Chris, I have a question regarding IFR GPS with expired database for instrument checkride. The PTS states that the GPS must be IFR and have a current database. What if the database is expired? Is the GPS considered VFR for the checkride, and therefore the applicant not tested on GPS approaches? We spend a lot of time prepping for that, and for some applicants I might be inclined to skip IFR GPS ops if we can do it that way. Signed “Rudolph CFII”
Thanks for your question. I’d like to approach the answer from two ways.
Let me get up on my soapbox for starters. Why would we not want to teach GPS approaches? GPS approaches outnumber traditional approaches almost 2 to 1 and there are more LPV approaches than ILS approaches. We also need to consider the number of RNAV Arrival and Departure procedures and RNAV Airways that have been developed in the last few years. The only way to navigate on these routes in our small aircraft is via GPS.
In my opinion not teaching Instrument GPS procedures would be a serious void in a pilot’s instrument skills.
Now let’s look at your actual question. On page 7 of the current Instrument PTS it states, “GPS equipment must be instrument flight rules (IFR) certified and contain the current database.” The PTS also states on page 9, “If the practical test is conducted in the aircraft, and the aircraft has an operable and properly installed GPS, the examiner will require and the applicant must demonstrate GPS approach proficiency.” Most pilot examiners and FSDOs have interpreted this to mean the IFR GPS must have a current database as a requirement to conduct the Instrument checkride.
Now let’s say you found a pilot examiner that was willing to conduct the checkride without a current database. You asked; “Is the GPS considered VFR for the checkride, and therefore the applicant not tested on GPS approaches?” You have two questions here. When asking “Is the GPS considered VFR for the checkride?”, the answer is no. If the database isn't current, the unit doesn't become a VFR GPS, it would simply be an IFR GPS with an expired database. In this case, the IFR GPS can still be used for the checkride. However, certain limitations would need to be observed. Take a look at the AIM Table 1-1-6. Note that IFR En-route and Terminal GPS operations may be conducted with an expired database as long as the data is verified for correctness. Also note that a current database is required for IFR Approaches and for use in lieu of an ADF and/or DME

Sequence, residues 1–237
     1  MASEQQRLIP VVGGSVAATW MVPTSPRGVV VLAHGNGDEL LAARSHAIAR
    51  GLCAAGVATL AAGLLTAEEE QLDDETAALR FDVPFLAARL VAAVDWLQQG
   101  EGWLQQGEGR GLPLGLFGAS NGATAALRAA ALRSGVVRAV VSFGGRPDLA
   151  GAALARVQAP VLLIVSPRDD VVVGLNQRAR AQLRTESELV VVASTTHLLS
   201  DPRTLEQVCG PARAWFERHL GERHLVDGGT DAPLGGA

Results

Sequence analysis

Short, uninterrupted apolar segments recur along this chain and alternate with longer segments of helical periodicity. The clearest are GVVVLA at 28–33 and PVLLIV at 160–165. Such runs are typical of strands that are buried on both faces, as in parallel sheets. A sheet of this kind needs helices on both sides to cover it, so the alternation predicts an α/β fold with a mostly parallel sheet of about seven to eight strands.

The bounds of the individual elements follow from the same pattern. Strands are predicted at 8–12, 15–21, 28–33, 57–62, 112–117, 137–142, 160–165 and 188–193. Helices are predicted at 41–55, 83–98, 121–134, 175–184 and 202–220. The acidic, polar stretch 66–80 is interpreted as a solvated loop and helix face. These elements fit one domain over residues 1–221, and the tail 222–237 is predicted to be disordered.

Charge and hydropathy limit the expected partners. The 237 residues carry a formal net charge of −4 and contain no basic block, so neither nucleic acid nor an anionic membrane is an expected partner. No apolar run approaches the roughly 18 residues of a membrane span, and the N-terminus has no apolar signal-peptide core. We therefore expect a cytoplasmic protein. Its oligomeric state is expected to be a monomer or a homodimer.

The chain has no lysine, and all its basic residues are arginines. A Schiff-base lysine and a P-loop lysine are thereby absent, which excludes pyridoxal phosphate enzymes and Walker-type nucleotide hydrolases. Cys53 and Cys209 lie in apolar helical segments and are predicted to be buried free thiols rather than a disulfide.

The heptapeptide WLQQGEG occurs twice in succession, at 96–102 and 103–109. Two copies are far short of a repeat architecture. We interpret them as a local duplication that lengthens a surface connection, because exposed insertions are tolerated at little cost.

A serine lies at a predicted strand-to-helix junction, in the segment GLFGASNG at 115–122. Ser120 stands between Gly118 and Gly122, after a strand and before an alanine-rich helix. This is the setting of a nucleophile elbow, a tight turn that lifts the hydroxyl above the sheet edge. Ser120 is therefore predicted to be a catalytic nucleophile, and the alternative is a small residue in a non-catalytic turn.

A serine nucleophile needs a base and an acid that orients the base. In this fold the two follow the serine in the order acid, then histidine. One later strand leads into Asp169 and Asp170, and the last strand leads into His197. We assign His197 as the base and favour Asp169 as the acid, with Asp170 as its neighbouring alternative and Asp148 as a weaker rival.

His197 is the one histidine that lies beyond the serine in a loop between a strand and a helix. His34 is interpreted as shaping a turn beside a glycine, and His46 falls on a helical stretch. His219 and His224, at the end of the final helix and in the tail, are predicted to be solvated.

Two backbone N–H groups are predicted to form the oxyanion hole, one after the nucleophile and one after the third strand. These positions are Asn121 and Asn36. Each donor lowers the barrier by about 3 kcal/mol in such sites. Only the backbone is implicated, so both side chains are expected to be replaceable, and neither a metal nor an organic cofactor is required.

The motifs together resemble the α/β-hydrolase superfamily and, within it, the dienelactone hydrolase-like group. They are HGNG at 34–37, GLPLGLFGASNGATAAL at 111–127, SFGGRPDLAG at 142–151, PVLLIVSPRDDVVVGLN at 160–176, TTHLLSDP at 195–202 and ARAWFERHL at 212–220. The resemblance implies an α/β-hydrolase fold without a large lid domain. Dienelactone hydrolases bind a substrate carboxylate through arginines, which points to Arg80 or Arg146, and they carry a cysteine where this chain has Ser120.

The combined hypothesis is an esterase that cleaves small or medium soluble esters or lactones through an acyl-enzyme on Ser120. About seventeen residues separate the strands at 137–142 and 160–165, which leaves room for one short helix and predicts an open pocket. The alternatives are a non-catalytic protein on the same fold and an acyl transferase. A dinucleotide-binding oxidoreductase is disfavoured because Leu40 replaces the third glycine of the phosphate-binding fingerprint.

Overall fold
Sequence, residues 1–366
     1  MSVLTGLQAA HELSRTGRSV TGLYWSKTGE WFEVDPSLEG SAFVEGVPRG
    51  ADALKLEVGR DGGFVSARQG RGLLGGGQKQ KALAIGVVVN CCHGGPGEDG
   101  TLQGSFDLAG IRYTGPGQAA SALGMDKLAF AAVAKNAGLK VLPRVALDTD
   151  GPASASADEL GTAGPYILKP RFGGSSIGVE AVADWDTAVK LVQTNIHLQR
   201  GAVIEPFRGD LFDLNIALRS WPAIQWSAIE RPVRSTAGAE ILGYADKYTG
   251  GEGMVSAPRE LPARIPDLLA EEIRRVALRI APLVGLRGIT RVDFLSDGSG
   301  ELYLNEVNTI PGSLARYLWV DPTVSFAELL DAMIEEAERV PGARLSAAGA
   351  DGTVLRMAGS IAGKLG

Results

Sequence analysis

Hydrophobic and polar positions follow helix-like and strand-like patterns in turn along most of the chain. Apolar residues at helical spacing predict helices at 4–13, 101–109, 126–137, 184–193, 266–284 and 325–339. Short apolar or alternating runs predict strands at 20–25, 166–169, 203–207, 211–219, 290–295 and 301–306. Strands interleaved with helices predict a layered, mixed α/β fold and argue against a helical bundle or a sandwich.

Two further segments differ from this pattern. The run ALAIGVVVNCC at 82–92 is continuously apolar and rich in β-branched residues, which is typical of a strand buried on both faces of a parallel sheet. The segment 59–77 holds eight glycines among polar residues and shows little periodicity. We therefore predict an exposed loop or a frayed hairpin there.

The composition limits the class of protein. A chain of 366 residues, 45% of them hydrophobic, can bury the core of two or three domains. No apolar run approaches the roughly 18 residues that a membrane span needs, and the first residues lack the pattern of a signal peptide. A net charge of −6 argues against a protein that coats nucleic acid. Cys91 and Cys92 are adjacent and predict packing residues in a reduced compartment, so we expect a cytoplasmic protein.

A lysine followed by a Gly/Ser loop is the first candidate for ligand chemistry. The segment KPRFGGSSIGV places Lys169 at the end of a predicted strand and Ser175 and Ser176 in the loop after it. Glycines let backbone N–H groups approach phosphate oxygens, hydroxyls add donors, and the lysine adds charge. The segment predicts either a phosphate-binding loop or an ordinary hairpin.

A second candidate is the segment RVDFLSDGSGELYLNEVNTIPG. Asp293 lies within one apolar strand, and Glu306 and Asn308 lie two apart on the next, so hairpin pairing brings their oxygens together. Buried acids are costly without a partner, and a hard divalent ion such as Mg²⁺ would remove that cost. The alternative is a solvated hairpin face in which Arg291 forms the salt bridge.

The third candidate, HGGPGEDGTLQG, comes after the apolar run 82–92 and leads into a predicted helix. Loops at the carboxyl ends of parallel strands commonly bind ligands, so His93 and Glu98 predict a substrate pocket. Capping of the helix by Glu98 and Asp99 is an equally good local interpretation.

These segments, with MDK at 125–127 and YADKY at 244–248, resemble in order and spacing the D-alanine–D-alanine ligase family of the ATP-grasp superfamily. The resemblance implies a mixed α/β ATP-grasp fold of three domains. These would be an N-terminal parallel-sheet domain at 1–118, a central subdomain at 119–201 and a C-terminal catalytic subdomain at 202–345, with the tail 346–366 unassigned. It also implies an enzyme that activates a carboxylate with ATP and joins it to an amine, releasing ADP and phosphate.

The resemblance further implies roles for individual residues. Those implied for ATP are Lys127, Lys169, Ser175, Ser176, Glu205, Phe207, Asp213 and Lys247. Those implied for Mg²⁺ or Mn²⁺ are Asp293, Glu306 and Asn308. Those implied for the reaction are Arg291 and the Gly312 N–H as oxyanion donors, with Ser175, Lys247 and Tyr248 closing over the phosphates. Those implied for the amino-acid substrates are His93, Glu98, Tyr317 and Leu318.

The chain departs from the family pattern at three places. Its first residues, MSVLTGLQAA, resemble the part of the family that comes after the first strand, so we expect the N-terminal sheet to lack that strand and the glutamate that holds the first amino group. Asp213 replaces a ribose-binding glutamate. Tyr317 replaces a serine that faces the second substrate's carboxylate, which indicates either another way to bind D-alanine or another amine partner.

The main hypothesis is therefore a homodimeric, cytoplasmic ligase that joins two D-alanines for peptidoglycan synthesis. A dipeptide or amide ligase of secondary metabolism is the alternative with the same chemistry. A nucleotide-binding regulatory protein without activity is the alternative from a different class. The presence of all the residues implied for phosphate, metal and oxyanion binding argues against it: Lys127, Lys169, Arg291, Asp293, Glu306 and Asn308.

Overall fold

Your second question regarding an applicant not being tested on GPS approaches takes a little bit of explanation.
There actually may be a requirement to teach GPS operations. Take a look at page 10 of the PTS under “Flight Instructor Responsibilities”, it states; “An appropriately rated flight instructor is responsible for training the Instrument rating pilot applicant to acceptable standards in all subject matter areas, procedures, and maneuvers included in the TASKS within the appropriate instrument rating practical test standard.” (Emphasis mine). If you look throughout the Tasks listed in the PTS, it would be hard to argue that GPS procedures and operations is not a “subject matter area”.
An aircraft equipped with an IFR GPS and expired database may prohibit an applicant from conducting GPS approach on the checkride but it would not excuse the applicant from the knowledge requirement during the oral. For example look at Area of Operation I Task C, item 7, Area of Operation II Task B, item 2g, and Area of Operation V Task A. All require the applicant to demonstrate adequate knowledge of GPS when aircraft is so equipped. Since your aircraft has an IFR GPS, an applicant can be questioned on the subject.
I don’t see this last trick too often, but some schools have placarded the GPS as inoperative in an attempt to save the applicant from doing a GPS approach on the checkride. The FAA addressed this by adding a note on page 9 of the PTS. The note states: If any avionics/navigation unit, including GPS, in the aircraft used for the practical test is placarded inoperative, the examiner will review the maintenance log to verify that the discrepancy has been properly documented.
Every piece of navigational equipment has its own idiosyncrasies. Remember how much fun it was to track a course away from an ADF or when trying to figure out if the To/From flag on the VOR indicator should be “To” or “From”? With a little education, practice and time we overcame these problems, and so it will be with the GPS.
Since this question has been asked before, I’ve consulted with several pilot examiners and a couple of FSDO Inspectors. I thank them for their help.